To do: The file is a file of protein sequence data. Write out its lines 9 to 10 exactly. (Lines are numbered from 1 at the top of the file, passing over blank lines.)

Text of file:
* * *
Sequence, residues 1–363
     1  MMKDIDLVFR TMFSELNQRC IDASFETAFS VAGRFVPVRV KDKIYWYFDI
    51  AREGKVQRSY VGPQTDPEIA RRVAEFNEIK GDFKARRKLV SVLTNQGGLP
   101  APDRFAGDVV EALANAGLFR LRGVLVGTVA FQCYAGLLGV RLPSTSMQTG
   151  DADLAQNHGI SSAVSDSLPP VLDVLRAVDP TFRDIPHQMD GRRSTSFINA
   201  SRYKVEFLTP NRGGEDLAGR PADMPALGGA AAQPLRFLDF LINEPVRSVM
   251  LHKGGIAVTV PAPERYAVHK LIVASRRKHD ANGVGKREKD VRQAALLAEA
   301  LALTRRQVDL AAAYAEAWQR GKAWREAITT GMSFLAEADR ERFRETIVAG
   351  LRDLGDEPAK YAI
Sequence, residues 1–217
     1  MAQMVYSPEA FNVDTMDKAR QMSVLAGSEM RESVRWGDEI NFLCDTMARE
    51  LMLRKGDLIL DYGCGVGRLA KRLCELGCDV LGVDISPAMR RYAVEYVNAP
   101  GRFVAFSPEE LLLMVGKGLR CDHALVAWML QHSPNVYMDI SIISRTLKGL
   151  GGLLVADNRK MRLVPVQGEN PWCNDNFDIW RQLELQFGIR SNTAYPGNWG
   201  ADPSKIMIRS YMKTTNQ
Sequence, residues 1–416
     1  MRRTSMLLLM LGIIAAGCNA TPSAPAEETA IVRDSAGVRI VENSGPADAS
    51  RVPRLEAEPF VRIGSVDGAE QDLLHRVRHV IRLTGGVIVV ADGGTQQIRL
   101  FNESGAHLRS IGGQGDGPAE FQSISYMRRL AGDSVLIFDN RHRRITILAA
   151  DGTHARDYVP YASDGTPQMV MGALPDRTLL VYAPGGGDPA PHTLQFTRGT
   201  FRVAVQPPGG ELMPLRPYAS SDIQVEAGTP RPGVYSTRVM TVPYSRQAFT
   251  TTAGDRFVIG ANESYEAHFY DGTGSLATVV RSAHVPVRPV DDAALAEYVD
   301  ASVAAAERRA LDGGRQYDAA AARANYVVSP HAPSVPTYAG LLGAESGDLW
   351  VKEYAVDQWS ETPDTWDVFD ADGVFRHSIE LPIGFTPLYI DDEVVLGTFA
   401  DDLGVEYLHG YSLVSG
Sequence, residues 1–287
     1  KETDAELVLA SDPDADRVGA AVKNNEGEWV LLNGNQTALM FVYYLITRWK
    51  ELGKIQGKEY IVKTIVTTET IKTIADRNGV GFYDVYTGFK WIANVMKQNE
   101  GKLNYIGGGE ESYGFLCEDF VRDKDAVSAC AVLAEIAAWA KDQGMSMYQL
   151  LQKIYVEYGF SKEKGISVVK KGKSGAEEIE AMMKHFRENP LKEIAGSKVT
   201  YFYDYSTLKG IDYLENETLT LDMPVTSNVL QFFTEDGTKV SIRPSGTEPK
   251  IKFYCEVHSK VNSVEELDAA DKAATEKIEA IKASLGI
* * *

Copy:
   351  LRDLGDEPAK YAI
Sequence, residues 1–217